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What is it about Hamlet that has made it such a compelling and vital work? Murder Most Foul: Hamlet Through the Ages is an account of Shakespeare's great play from its sources in Scandinavian epic lore to the way it was performed and understood in his own day, and then how the play has fared down to the present: performances on stage, television, and in film, critical evaluations, publishing history, spinoffs, spoofs, musical adaptations, the play's growing reputation, its influence on writers and thinkers, and the ways in which it has shaped the very language we speak. The staging, criticism, and editing of Hamlet , David Bevington argues, go hand in hand over the centuries, to such a remarkable extent that the history of Hamlet can be seen as a kind of paradigm for the cultural history of the English-speaking world.
David Bevington is the Phyllis Fay Horton Distinguished Service Professor in the Humanities at the University of Chicago, where he has taught since 1967. He has published widely on Shakespeare and his contemporaries. His recent books include The Seven Ages of Human Experience (Blackwell, 2005), co-authored with Anne Marie Welsh and Michael L. Greenwald, Shakespeare: Script, Stage, Screen (Pearson Longman, 2006), This Wide and Universal Theater: Shakespeare's Plays in Production, Then and Now (University of Chicago Press, 2007) and Shakespeare's Ideas (Wiley-Blackwell, 2008). He is the senior editor of the Revels Student Editions, the Revels Plays, and of the Cambridge Edition of the Works of Ben Jonson. He is also senior editor of the Norton Anthology of Renaissance Drama (2002).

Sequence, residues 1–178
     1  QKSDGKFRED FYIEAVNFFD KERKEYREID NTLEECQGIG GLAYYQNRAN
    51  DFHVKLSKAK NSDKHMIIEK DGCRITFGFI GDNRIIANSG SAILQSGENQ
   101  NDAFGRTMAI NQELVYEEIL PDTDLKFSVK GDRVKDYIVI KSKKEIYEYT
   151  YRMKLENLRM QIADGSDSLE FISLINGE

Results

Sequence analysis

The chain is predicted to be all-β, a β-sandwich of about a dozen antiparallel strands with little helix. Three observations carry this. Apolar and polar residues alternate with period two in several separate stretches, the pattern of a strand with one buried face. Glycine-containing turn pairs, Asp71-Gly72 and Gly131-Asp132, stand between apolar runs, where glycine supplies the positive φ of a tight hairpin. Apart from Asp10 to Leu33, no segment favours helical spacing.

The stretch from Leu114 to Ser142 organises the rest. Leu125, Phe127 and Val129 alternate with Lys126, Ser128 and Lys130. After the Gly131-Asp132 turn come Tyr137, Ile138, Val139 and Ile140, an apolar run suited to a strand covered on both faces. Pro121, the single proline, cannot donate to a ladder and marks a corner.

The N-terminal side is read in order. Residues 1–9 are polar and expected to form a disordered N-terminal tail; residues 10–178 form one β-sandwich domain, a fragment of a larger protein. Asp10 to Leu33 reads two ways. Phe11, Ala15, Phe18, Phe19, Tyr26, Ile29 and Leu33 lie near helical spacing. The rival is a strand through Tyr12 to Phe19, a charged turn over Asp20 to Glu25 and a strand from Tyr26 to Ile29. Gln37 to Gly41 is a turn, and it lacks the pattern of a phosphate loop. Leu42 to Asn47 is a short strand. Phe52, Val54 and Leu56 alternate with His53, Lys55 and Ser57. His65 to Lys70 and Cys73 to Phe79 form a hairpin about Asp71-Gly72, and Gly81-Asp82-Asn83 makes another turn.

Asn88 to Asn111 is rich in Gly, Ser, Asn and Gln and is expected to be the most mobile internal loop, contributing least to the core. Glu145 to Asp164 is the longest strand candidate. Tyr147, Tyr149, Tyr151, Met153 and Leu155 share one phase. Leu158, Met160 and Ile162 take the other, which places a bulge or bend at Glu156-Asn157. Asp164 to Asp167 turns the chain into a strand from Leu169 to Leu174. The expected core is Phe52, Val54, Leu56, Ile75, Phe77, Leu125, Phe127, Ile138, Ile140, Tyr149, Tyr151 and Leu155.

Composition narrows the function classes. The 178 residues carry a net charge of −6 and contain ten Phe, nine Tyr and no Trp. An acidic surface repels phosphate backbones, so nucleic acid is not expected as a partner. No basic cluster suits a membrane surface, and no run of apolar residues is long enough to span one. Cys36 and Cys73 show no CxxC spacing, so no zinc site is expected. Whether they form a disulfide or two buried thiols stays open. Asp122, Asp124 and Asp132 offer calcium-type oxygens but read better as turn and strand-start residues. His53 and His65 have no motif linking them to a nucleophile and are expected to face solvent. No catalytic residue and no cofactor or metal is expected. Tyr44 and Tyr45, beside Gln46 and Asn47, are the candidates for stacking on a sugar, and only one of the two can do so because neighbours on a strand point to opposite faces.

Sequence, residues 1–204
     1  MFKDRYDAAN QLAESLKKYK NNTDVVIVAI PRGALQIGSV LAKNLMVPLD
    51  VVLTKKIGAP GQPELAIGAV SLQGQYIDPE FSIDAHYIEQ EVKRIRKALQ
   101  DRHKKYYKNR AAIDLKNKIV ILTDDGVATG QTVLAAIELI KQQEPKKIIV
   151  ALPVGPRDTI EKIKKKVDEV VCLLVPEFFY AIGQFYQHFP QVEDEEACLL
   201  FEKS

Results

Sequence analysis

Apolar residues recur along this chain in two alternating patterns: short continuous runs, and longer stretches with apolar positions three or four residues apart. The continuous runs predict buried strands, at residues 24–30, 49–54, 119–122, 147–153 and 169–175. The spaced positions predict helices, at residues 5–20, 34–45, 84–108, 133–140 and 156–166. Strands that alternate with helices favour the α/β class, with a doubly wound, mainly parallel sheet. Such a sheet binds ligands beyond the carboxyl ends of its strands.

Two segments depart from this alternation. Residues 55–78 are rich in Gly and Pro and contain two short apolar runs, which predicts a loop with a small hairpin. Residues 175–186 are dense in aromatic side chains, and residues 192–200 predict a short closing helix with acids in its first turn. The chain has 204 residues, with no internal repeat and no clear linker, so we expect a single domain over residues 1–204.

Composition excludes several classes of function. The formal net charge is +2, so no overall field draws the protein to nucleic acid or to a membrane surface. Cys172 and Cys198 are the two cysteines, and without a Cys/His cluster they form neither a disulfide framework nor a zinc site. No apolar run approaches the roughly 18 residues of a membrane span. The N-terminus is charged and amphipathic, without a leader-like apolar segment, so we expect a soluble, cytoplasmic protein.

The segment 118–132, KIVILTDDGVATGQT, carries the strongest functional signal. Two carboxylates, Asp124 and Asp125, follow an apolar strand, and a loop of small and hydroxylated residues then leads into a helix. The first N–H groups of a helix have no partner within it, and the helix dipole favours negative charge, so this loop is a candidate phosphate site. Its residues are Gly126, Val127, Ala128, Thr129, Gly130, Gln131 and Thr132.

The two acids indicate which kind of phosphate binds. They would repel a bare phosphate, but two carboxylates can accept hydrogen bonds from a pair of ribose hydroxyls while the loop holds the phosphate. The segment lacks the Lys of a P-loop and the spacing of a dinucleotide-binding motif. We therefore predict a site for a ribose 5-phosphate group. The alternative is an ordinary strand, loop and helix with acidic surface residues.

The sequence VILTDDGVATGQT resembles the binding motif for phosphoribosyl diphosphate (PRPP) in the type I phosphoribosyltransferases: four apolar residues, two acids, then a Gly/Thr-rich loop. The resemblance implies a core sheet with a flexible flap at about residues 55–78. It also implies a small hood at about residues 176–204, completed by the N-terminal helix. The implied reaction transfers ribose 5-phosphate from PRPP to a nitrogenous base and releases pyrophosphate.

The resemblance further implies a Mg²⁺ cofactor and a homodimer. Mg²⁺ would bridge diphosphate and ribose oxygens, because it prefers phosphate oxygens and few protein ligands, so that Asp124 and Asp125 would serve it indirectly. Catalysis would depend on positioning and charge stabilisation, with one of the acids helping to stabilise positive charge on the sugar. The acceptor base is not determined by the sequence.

Table of Contents
1. Prologue to Some Great Amiss: The Prehistory of Hamlet
2. Actions That a Man Might Play: Hamlet on Stage in 1599-1601
3. The Play's the Thing: Ideological Contexts of Hamlet in 1599-1601
4. The Mirror Up to Nature: Hamlet in the Seventeenth and Eighteenth Centuries
5. The Very Torrent, Tempest, and Whirlwind of Your Passion: Hamlet in the Nineteenth Century
6. Reform It Altogether: Hamlet, c. 1900-1980
7. There is Nothing Either Good or Bad But Thinking Makes It So: Postmodern Hamlet